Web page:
Photo credits: Philadelphia International
Throughout American music history, many stars embarked on acrimonious splits from their bands or singing groups to pursue solo careers.
A genuine example of such a scenario transpired in the case of Harold Melvin and the Blue Notes – a group of R&B performers and musicians with a catalog of hits, which spanned for decades. In the year 1954, the group was first assembled. The original members were Franklin Peaker, Bernard Wilson, Roosevelt Brodie, Jesse Gillis, Jr., and Harold Melvin. After a 16-year run, the classic R&B outfit found a young and talented new member.
The 20-year-old man with a distinguished baritone Melvin and his group discovered (who hailed from the group’s hometown of Philadelphia, Pennsylvania) was named Theodore DeReese Pendergrass. Prior to catching the eyes and ears of Melvin and his hitmaking cohorts in 1970, Pendergrass sang lead for a local R&B group called The Cadillacs.
However, Pendergrass (who went by Teddy) was recruited after the group lost a member – who was not part of the original five-man squad. His name was John Atkins. He merged with Melvin and the Blue Notes during the 1960s. However, he bolted from the group in 1970. Pendergrass started off as a drummer for the singing group’s live band.
However, when it was clear that Atkins was gone for good, he went from drummer to lead singer. However, off-the-stage turbulence prevailed during the first several years. In 1972, the R&B group got a new recording deal. They signed with a major label called Philadelphia International – founded by the Gamble & Huff production team.
Melvin, Pendergrass, Bernard Wilson, Lawrence Brown, and Lloyd Parks were the roster members on the line-up of Philadelphia International’s 1972 contract. Parks abandoned the ship within the first year. Then Melvin recruited a new member named Jerry Cummings. Nonetheless, problems started to mount when the big money rolled in.
The first few years, which preceded Pendergrass’s mad dash from the group, were very successful. Songs landed on the mainstream pop charts. Gold and platinum plaques were earned. Sold-out concerts were customary. Music history’s accomplishments in the record books were surpassed and new records were set.
However, starting in 1975, off-stage madness related to money began boiling between Pendergrass and Melvin. According to a telling online report by Smooth Radio News, Melvin controlled the group’s finances exclusively. It did not matter to him that Pendergrass did most of the sweat equity. Even fans were confused over who was “the man.”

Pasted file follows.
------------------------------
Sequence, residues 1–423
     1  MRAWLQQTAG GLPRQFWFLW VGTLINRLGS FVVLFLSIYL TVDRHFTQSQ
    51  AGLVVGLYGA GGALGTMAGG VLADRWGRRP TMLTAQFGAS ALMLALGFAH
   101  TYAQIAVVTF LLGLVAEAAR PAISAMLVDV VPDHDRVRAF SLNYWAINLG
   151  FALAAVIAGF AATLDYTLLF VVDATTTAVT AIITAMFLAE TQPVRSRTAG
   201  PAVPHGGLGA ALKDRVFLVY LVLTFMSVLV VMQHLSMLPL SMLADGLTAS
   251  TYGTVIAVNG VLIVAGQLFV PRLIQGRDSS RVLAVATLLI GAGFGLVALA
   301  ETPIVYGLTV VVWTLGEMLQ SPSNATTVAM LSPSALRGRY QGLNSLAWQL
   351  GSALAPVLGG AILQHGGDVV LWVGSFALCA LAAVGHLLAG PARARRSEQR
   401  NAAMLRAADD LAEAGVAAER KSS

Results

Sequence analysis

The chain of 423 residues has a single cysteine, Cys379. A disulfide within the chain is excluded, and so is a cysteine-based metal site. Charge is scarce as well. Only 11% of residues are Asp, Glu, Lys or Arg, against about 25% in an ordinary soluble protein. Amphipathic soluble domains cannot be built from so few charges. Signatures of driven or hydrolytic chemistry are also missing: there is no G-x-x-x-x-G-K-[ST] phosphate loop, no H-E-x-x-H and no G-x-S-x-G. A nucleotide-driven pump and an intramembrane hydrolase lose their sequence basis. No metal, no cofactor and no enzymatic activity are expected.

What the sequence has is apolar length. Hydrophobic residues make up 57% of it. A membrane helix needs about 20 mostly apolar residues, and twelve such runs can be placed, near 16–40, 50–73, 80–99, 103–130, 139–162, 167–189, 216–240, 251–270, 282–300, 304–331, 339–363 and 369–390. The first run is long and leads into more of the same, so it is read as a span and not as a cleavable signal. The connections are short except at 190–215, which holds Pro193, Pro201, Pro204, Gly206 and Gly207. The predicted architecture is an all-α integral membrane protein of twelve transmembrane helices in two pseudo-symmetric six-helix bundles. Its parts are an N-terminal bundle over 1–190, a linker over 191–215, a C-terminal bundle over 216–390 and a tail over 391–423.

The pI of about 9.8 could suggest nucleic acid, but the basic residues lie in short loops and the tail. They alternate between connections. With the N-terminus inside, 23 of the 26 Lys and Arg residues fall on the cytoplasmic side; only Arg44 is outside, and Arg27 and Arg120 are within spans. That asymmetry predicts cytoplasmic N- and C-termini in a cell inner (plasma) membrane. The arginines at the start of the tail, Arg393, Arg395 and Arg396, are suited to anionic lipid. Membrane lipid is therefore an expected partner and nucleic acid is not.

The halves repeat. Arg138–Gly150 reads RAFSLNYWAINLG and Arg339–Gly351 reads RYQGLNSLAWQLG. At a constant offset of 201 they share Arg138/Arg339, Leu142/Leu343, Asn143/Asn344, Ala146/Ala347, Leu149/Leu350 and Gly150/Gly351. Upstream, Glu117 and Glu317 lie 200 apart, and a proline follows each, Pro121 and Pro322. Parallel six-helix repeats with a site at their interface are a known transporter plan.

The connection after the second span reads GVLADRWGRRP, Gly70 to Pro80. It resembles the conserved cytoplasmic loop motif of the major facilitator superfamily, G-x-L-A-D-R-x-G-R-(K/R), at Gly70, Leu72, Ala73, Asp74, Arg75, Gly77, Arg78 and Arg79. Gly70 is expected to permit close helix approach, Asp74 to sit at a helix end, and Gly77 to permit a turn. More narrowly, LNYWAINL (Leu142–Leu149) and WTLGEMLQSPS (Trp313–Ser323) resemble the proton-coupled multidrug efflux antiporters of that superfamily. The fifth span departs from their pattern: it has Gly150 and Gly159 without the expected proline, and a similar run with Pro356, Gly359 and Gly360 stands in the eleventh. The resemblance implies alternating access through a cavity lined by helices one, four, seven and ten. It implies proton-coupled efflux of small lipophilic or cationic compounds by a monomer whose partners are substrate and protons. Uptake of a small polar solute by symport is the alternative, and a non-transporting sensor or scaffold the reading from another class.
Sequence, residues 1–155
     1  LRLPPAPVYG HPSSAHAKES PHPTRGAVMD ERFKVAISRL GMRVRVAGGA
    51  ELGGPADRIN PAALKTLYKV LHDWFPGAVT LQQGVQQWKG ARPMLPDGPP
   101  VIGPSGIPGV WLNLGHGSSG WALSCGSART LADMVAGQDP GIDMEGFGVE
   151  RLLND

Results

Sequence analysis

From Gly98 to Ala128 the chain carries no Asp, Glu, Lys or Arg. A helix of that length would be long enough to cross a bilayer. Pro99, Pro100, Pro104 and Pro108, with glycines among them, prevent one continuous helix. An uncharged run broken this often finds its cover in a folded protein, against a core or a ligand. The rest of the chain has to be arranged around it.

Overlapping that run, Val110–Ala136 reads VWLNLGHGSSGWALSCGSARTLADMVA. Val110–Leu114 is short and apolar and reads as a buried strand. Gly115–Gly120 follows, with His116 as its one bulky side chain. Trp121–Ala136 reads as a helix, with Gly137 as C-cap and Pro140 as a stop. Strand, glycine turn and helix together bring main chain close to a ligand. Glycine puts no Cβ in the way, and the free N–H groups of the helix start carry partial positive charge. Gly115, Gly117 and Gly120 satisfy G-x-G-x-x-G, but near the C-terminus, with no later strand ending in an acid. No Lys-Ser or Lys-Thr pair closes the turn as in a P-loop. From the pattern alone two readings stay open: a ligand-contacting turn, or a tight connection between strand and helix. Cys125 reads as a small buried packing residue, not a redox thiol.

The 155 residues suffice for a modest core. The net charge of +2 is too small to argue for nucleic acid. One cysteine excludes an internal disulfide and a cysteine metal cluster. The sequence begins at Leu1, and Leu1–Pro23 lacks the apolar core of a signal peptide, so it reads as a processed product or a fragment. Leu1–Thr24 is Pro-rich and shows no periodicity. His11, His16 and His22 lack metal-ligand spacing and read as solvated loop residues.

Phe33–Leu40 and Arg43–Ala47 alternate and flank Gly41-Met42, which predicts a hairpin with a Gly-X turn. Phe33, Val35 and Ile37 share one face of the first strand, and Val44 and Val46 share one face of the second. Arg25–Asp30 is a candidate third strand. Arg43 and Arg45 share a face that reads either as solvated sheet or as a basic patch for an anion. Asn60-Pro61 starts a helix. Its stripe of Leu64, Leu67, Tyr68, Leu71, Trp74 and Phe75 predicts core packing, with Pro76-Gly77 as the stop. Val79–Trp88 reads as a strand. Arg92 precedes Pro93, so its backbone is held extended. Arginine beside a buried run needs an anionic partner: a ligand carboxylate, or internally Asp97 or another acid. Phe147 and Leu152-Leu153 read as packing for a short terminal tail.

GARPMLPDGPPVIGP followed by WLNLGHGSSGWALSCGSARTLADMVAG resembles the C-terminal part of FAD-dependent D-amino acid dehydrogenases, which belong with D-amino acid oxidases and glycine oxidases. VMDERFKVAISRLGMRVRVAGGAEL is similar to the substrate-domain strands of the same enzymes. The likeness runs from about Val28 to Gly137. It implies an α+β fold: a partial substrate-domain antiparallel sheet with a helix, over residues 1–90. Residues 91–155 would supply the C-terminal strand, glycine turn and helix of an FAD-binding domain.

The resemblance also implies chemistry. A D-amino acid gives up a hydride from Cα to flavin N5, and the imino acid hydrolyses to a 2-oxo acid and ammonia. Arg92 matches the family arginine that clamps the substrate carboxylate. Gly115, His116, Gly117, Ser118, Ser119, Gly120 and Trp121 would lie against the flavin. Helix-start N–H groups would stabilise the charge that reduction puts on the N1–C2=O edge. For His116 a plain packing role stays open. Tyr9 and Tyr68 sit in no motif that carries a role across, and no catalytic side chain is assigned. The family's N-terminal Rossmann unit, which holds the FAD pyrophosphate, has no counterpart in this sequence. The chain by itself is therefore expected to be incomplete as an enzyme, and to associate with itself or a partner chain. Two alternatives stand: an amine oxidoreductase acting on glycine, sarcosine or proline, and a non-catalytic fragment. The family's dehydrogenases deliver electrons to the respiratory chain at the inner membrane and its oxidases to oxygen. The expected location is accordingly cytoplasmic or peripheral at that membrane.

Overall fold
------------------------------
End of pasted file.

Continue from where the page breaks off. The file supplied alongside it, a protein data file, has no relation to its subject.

Smooth Radio’s report also mentioned a quote by Pendergrass in which he expressed dire frustration – due to fans calling him by Harold Melvin’s name instead of his own. There were also contentious personality clashes between the group’s members. Fed up with Melvin’s inflexible nature, Pendergrass left the group in 1976.
The fledgling superstar immediately went to work – on his self-titled debut album as a solo artist. Pendergrass was able to contractually bypass Melvin, get his own exclusive deal with Philadelphia International, and book arrangements at Sigma Sound Studios. By April 15, 1977, Pendergrass released his album’s lead single titled, “I Don’t Love You Anymore.” On June 12, 1977, the future R&B Hall of Famer’s first-ever solo album hit the shelves.
Pendergrass’s self-titled debut solidly performed in the sales category – even though its first single did not earn a spot on the music charts. It landed in the Top 20 (number 17) on Billboard’s Top 200 Albums chart. After three more singles were off the Teddy Pendergrass album, things began to take off for the then 27-year-old phenom.
According to The New York Times, his solo project was eventually certified platinum. Pendergrass’s LP went on to sell well over a million physical records. However, that was only the tip of the iceberg. The so-called “Baritone of Seduction” created a solo project that remained popular for decades after its initial release.
Hip-hop and R&B acts of the 1980s, 1990s, and 2000s (such as soul singer D’Angelo and California rap pioneer The D.O.C.) released hits in their time, which sampled the Teddy Pendergrass album’s musical elements.
This proves the high level of influence a music legend from the past eventually had on Black music’s future creators.